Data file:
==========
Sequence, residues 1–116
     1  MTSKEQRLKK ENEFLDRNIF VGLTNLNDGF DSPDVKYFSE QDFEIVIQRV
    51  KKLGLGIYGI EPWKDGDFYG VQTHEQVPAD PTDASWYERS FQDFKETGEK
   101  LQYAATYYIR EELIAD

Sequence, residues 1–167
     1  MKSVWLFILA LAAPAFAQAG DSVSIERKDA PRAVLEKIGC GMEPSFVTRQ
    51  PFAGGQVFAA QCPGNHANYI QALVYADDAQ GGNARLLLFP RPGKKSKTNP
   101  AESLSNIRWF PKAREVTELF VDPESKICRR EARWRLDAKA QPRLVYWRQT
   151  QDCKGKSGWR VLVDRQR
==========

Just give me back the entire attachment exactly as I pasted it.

Sequence, residues 1–116
     1  MTSKEQRLKK ENEFLDRNIF VGLTNLNDGF DSPDVKYFSE QDFEIVIQRV
    51  KKLGLGIYGI EPWKDGDFYG VQTHEQVPAD PTDASWYERS FQDFKETGEK
   101  LQYAATYYIR EELIAD

Sequence, residues 1–167
     1  MKSVWLFILA LAAPAFAQAG DSVSIERKDA PRAVLEKIGC GMEPSFVTRQ
    51  PFAGGQVFAA QCPGNHANYI QALVYADDAQ GGNARLLLFP RPGKKSKTNP
   101  AESLSNIRWF PKAREVTELF VDPESKICRR EARWRLDAKA QPRLVYWRQT
   151  QDCKGKSGWR VLVDRQR